Thanks to Donal Buckley for giving me the real facts, rather than my guesses:
“Regardless of Dover tide times (it’s dropping there now), Bernard’s track is that of a flood tide swim.
He is currently in the North East shipping lane, for all marine traffic in the Channel, and he is travelling north being pushed by the tide. He has also crossed the Ferry Lane between Dover & Calais.
He looks to be on target, and should enter the Separation Zone at about 6 hours. The Separation Zone divides the two north-south shipping lanes. The Separation Zone has a higher concentration of jellyfish and rubbish.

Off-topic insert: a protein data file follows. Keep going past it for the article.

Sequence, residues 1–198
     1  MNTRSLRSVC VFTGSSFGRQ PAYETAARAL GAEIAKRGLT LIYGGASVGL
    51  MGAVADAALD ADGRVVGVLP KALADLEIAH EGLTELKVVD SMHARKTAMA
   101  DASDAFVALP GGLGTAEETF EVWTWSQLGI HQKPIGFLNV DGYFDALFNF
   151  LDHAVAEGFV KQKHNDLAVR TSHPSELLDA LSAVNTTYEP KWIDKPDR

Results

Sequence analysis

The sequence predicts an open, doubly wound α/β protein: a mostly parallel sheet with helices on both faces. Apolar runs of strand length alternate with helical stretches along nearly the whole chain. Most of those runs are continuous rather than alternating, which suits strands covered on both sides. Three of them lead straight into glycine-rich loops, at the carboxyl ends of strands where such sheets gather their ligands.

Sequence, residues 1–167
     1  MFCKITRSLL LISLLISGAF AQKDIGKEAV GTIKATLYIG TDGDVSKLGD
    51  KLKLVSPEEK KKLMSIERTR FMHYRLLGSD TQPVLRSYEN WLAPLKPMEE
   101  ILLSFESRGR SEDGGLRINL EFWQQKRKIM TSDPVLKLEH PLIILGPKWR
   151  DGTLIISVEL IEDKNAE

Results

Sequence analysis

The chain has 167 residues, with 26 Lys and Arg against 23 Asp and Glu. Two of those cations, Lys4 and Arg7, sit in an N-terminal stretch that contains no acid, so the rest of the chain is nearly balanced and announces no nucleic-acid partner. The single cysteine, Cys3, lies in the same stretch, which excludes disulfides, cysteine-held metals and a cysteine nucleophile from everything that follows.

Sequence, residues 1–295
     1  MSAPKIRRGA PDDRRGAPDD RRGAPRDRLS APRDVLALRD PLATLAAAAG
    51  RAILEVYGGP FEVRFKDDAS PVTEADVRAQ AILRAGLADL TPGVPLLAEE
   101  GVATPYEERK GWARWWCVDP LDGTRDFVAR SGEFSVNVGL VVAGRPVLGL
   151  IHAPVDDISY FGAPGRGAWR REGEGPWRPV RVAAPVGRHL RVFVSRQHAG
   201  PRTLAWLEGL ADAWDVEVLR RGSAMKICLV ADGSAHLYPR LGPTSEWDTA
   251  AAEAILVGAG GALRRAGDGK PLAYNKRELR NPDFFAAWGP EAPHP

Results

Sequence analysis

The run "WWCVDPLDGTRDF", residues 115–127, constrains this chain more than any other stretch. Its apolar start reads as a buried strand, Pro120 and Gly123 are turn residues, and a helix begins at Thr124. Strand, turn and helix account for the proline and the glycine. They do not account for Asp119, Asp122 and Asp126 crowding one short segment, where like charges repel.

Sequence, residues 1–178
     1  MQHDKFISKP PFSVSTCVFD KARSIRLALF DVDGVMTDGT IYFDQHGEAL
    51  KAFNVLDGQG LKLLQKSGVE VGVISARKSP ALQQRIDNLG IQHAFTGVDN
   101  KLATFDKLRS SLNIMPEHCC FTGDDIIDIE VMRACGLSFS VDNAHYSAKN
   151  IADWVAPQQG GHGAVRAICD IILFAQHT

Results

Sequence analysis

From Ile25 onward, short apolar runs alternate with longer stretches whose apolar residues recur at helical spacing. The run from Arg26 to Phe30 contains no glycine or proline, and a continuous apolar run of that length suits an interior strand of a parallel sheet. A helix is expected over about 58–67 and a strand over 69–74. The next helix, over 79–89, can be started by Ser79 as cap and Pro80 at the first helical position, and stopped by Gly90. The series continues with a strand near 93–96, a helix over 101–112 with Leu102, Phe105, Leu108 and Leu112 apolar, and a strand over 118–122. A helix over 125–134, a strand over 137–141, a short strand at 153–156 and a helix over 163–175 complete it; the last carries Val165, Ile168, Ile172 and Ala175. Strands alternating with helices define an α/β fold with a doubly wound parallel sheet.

Then he will be pulled back South East toward the Cap. His speed will increase even as he tires, getting the benefit of the flow. How far he travels SE will determine where he turns into the Cap Griz Nez. He will have a second turn into France somewhere off the Cap.
The current off the Cap on a Spring tide flows at up to 7 knots, where a world class elite swimmer can swim about 3 knots.
Which side the C2V buoy he passes will give an indicator if he will land on the Cap or on the beach.”